- Test group head flow rates and temperature
- Test all switches
The Minor Service can be completed within 1 hour and so it can be completed when a grinder service is needed on say a Mazzer Mini or Mazzer Super Jolly. It can also be done when replacing a water filter.
2. Intermediate Service (every 700kg of coffee used)
As for the Minor Service, the Intermediate Service looks to replace wear and tear components every 350kg of coffee, so the group head gaskets and showers are a good starting point here. However, because 700kg of coffee has now passed through the espresso coffee machine, we start to see other parts in a preventative maintenance light.
During our Intermediate Service we:
- Replace group head seals
- Replace shower screens
- Inspect the steam assembly
- Check the anti-suction valve and replace if needed
- Rebuild the water tap
- Clean the boiler level probe
- Remove body panels and vacuum/clean any dust build up
The Intermediate Service will require 2 hours to complete.
3. Major Service (every 1050kg or 12 months)
The Major Service comes every 1050kg of coffee used or 12 monthly, whichever comes first. This is an important distinction because whether 1050kg of coffee has been used or not, some parts are subject to a time limit on their usable life. So even if only 30kg of coffee has passed through a coffee machine (in a low volume store), the fact of the matter is that the coffee machine has been used for a year – and that usage has included four attributes that impact the integrity of the espresso coffee machine and its components: water, heat, pressure and dust.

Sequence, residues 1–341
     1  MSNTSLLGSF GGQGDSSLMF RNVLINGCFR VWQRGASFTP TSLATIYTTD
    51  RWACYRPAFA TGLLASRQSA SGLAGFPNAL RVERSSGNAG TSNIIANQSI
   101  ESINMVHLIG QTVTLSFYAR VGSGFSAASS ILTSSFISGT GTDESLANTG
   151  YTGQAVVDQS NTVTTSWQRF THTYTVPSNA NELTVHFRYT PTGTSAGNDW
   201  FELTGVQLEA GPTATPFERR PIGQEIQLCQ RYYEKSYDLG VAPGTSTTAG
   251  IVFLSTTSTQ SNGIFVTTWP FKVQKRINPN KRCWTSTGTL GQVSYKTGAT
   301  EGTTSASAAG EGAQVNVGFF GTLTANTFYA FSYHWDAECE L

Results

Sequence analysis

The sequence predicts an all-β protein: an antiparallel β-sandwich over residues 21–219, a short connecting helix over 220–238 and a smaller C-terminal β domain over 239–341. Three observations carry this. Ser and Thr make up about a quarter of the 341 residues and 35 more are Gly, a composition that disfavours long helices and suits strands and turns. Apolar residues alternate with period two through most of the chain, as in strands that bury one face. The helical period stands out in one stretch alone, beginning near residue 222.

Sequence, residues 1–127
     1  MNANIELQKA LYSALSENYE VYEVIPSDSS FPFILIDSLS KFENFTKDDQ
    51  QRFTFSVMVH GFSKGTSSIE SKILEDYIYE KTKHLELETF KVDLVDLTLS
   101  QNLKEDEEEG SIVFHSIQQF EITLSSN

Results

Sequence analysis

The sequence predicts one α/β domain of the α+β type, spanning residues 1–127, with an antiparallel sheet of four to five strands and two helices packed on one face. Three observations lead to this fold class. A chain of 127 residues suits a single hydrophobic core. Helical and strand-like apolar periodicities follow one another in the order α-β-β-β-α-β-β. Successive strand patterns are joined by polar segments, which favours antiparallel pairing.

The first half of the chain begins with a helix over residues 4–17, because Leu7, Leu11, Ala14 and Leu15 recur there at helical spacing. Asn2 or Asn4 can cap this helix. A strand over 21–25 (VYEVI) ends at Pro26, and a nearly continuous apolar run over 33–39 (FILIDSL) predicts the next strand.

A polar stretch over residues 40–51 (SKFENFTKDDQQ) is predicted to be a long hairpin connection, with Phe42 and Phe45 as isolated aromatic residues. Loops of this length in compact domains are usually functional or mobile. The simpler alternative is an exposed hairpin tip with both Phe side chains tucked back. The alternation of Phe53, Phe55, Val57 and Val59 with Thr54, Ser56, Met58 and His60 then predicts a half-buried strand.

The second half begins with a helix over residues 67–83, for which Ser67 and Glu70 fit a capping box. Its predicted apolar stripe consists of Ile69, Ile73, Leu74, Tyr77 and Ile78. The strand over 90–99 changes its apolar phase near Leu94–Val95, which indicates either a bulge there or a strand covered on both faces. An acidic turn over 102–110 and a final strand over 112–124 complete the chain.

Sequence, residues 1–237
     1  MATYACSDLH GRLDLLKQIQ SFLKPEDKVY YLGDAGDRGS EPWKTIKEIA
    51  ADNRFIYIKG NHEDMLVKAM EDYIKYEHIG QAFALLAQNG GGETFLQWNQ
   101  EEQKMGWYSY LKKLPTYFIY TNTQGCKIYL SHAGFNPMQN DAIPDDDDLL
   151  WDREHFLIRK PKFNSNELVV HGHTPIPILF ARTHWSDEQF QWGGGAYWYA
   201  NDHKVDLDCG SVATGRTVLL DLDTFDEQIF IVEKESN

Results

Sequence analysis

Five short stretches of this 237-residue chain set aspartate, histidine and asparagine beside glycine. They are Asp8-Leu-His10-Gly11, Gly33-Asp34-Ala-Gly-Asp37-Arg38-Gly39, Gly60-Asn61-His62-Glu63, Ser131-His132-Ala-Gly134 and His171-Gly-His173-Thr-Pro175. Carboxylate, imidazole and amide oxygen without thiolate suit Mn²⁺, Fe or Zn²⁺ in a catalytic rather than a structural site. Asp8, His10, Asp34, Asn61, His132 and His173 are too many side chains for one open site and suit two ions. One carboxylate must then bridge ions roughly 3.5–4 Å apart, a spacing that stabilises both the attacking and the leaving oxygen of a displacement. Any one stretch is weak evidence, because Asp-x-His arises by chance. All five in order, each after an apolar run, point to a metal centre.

Each in their own way will impact structural integrity. Water for example can be corrosive or scale depositing and heat can affect rubber/nitrile/silicon seals and then there is metallic integrity as expansion and contraction occur constantly as hot and cold-water flow through pipes in the machine. Dust also produces erosion of sealing surfaces, and of course pressure is self-explanatory from a safety perspective.
So regardless of the amount or blend of coffee used, every year we recommend that certain parts are replaced.
Our Major Service focuses on wear and tear and safety critical parts and so here we:
- Replace all necessary washers, seals, group seals and shower screens